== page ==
One of those large-sized  portraits is Miss Everything. Like this award winning piece,  Sherald’s artworks have brought her great recognition.  Her focus is to continue to create works that dig deep into social issues, especially when it comes to gender disparity, racial degradation and identity.  “My work is inspired by fantasy and bit of reality,” she said during the award ceremony.  Her focus continues to be on “creating  a body of work that was  an archetype.” The hope is that “it’s going to carry me for a while,” she said.

Born in Georgia, Sherald’s devotion to her craft has given her recognition at home and  abroad.  She was an artist in residence at a program in Panama.  While in Larvik, Norway, she studied with acclaimed Norwegian figurative painter Odd Nerdrum. Influenced by Rembrandt  and Caravaggio, Nerdrum is celebrated for his anecdote and narrative theme and style. In 1999, Sherald also curated and installed shows at the South American Biennale in Lima Peru.

While committed to her art, Sherald is deeply involved in teaching art.  Presently an artist in residence at the Creative Alliance in Highlandtown,  Sherald also volunteers to teach art at the Baltimore City Detention Center.  Her artwork can be found at the Smithsonian African America Museum and at The National Museum of Women in the Arts.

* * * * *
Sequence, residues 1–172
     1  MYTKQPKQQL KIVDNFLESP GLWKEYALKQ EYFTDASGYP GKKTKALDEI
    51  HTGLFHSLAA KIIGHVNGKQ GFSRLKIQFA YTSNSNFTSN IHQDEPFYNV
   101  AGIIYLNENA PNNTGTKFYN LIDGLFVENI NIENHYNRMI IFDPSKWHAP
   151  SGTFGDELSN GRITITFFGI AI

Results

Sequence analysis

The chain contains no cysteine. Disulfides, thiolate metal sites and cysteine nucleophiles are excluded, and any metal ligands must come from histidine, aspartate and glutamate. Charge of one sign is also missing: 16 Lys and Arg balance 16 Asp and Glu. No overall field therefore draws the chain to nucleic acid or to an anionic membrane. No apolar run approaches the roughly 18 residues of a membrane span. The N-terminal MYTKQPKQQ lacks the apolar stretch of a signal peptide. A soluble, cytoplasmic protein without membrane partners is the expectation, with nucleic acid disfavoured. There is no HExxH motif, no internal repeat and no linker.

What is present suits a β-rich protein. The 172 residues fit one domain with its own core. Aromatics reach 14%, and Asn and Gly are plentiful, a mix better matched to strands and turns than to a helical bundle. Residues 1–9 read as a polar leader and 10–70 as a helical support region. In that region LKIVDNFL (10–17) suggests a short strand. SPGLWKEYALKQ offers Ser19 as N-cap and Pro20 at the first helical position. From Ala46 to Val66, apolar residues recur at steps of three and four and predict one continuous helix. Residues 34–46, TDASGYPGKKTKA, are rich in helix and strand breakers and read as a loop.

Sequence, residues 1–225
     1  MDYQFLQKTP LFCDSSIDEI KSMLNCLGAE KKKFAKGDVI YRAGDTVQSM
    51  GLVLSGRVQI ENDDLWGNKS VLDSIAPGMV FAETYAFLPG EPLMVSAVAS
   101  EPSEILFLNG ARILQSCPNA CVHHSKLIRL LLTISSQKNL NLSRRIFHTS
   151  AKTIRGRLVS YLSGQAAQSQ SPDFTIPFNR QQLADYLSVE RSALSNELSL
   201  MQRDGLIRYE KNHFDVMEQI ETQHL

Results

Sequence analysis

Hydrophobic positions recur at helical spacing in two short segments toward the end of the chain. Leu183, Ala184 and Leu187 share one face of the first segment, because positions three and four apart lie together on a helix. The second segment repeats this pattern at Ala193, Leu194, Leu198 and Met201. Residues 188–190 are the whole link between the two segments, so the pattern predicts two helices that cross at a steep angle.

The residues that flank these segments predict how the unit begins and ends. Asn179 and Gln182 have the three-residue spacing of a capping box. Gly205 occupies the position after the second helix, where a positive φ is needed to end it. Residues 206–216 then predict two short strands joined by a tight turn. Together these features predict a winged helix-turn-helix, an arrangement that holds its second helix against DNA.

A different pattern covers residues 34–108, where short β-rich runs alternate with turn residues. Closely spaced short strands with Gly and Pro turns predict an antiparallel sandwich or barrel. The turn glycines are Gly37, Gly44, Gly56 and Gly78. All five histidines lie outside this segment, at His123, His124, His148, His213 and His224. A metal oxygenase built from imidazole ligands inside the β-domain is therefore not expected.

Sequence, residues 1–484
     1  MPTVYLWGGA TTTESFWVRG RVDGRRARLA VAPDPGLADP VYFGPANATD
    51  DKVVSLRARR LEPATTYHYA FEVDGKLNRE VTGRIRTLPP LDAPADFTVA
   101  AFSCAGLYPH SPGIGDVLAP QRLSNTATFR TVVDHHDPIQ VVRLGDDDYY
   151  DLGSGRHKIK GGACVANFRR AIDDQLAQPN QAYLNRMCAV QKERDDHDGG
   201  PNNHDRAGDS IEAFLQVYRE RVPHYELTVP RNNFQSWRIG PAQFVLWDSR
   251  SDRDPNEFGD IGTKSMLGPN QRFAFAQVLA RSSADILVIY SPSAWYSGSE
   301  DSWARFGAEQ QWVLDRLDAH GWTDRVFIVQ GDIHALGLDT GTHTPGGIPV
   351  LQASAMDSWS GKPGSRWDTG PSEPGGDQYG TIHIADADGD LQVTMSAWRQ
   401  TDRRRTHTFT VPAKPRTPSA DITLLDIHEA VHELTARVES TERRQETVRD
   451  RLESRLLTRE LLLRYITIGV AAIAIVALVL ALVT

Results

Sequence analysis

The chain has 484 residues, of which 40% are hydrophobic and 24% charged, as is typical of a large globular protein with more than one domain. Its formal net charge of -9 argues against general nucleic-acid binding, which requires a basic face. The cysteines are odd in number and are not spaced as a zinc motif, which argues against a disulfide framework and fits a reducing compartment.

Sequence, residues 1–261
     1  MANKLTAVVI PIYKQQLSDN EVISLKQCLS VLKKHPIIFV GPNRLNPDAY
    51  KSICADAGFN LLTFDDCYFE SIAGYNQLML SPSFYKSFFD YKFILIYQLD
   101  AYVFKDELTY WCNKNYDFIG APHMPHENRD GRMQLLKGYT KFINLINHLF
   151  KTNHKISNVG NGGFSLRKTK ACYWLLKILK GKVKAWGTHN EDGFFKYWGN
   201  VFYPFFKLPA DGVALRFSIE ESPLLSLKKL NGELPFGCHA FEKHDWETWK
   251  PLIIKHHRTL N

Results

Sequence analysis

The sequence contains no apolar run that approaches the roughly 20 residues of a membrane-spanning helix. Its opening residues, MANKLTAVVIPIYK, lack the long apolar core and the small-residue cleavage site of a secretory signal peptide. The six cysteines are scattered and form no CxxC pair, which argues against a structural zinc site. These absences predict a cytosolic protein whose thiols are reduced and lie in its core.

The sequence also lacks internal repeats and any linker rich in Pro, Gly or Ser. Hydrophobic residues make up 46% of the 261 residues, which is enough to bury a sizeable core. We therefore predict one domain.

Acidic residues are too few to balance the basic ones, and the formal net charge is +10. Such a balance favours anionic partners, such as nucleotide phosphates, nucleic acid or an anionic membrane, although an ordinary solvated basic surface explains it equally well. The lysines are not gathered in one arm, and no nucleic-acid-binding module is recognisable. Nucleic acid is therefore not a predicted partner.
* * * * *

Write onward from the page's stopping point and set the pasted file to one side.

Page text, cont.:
The Outwin Boocheve Portrait Competition is held every three years. Sponsored by the National Portrait Gallery in Washington DC, the exhibition encourages “artists to explore the ever-evolving art of portraiture. For this year’s competition, entries came from 19 states and D.C. “They are absolutely referencing what they’re seeing around them: single mothers, youth at risk, Black Lives Matter, gender issues,” Kim Sajet, National Portrait Gallery Director said.  Unlike other years,  the 2016 competition shows a shift from conceptual and non-traditional reformations of the genre.

Sherald’s  Miss Everything is part of The Outwin 2016: American Portraiture Today exhibition at the National Portrait Gallery.  The show features 43 top entries to the competition.  It includes Mavis in the Basket, by photographer Cynthia Henebry. The image captures an emotionally charged young girl sitting pensively in a car. Also on display  is Joel Daniel Phillip’s amazingly detailed drawing of an African American who seems to be down on his luck. It won the third place prize.

The Outwin2016: American Portraiture Today, runs through  January 8, 2017 at National Portrait Gallery.

Amy Sherald, Well Prepared and Maladjusted. Image: courtesy of the artist.